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CIN@WSH: Nats plate seven runs on six hits in 6th

WASHINGTON -- Entering Tuesday's action, Reds right-hander Johnny Cueto was arguably the most dominating pitcher in the National League. He was the ERA and strikeout leader. But it was Doug Fister, making his home debut, who ended up being the dominant pitcher on this day, as the Nationals pounded the Reds, 9-4, at Nationals Park.

It was Fister's second consecutive quality start, as he lasted seven innings, allowing two runs on six hits. At one point during the game, Fister retired 12 consecutive batters. It helped that he felt right at home at Nationals Park.

"It's funny, but it feels like home," said Fister, who spent his first five seasons in the American League. "Everybody makes it such a family atmosphere, especially with the club that we have. It's my first one here. I feel like I've pitched here before. It's a comforting feeling."

Fister is never satisfied with what he has accomplished. There is still room for improvement.

"It's a constant battle for me to keep the ball down -- keeping mainly the sinker down and moving," Fister said. "It's always something that I'm working on. It's not something that I've reached. When I get complacent, it's gets up in the zone, it gets hit pretty hard. It's a focus of mine, and that's how I approach the game."

Fister got off to a slow start, with the Reds taking a 1-0 lead in the first inning on an RBI single by Todd Frazier.

But it was all Nationals after that. Washington scored two runs to take a 2-1 lead off Cueto in the third inning. With Fister on first base, Denard Span bunted the ball down the third-base line. Third baseman Ramon Santiago grabbed the ball and threw it past Frazier at first base. That allowed Fister to score all the way from first, while Span ended up at third. Span then scored on a sacrifice fly by Anthony Rendon.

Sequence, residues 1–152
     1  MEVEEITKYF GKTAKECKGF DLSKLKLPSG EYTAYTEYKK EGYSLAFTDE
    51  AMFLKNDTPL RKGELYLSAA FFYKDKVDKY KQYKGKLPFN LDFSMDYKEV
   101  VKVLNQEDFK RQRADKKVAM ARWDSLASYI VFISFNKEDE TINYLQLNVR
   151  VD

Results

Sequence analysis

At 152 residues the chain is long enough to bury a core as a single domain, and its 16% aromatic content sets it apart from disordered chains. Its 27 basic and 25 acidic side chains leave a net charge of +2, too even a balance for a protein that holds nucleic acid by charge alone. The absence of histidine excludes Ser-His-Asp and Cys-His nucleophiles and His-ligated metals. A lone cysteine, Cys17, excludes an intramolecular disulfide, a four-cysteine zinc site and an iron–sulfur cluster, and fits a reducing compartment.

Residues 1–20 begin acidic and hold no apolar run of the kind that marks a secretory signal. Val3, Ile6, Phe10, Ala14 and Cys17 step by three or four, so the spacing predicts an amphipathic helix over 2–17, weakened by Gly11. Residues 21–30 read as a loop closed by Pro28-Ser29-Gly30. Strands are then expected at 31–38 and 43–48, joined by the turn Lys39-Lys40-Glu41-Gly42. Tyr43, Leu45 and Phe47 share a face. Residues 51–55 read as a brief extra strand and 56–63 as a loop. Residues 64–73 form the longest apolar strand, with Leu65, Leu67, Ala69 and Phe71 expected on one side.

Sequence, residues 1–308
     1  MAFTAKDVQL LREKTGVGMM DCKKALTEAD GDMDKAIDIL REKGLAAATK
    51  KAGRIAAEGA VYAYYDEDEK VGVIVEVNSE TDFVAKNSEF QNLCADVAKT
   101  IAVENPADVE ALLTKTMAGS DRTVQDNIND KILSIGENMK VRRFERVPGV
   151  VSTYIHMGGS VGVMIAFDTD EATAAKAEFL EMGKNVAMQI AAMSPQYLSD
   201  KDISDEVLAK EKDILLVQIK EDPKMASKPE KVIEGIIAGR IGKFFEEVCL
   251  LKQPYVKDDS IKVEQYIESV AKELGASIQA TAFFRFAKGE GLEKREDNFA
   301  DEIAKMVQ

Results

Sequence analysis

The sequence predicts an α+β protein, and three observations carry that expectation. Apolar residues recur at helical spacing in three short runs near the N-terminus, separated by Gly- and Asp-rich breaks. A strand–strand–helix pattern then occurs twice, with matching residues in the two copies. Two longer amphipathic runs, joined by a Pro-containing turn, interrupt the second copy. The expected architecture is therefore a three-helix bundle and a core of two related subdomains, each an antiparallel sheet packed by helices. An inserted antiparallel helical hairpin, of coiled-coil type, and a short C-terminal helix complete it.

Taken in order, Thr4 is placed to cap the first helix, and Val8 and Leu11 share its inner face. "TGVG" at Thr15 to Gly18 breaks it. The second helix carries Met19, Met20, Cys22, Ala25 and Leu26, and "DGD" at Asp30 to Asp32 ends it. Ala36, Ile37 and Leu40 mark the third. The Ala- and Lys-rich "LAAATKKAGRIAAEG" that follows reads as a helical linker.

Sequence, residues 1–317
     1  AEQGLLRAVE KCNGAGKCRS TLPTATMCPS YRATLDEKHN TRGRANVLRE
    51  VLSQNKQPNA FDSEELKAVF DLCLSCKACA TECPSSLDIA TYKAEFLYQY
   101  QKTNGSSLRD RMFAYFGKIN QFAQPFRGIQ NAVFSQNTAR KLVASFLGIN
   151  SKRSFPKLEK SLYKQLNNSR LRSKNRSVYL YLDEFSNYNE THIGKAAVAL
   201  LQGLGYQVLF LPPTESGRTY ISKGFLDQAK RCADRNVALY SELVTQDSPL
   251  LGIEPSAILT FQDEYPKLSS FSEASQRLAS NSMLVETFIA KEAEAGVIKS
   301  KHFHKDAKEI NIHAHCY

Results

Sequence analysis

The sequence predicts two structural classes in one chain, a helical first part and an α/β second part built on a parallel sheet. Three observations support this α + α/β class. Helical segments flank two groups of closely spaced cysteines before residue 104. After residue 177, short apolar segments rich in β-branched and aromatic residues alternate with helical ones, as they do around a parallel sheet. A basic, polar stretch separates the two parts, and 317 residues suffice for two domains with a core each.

In the sixth, Washington sent 11 men to the plate and scored seven runs, six of them off Cueto. Span and Danny Espinosa drove in two runs apiece with a single and double, respectively. Span ended up going 5-for-5 in the contest and raised his batting average 24 points to .263. The five hits tied a career high.

"It's one game, man. I had a good day today. It was my day. I saw the ball well. I have to do it again tomorrow," Span said. "That's what it's all about. Whether I go 0-for-5 or 5-for-5, my mindset the next day is, 'Yesterday is yesterday.' You have to do it again."

Earlier in the day, some members of the local media were wondering whether Span should be a leadoff hitter. He had a .287 on-base percentage entering Tuesday's action.

"When he is going good, he doesn't give an at-bat away," Nationals outfielder Jayson Werth said about Span. "That's your leadoff guy that sets the rest of the lineup. It makes it tough on the other team."

Cueto lasted 5 1/3 innings and allowed eight runs (six earned). Tuesday's start was Cueto's shortest outing since Sept. 16, 2013, when pitched five innings against the Astros. The eight runs he allowed were the most he allowed since September 2010 against the Brewers.

"I don't want to bring excuses," Cueto said through an interpreter "[The Nationals] played really well. You know what? I'm human. This is not over yet. I've just gotta keep my head up and keep working. That's all I've gotta do."

Although Cueto had better outings, Werth was still impressed with what he saw from the right hander.

"He is that guy you bank on pitching deep in the game, having good stuff," Werth said. "He has a plan. He knows what he is doing. He is a pro. But we had some good at-bats against him. We grinded him down, later in the game, we got to him. We took advantage of the few mistakes they made."

With the win, the Nationals improved their record to 24-21.

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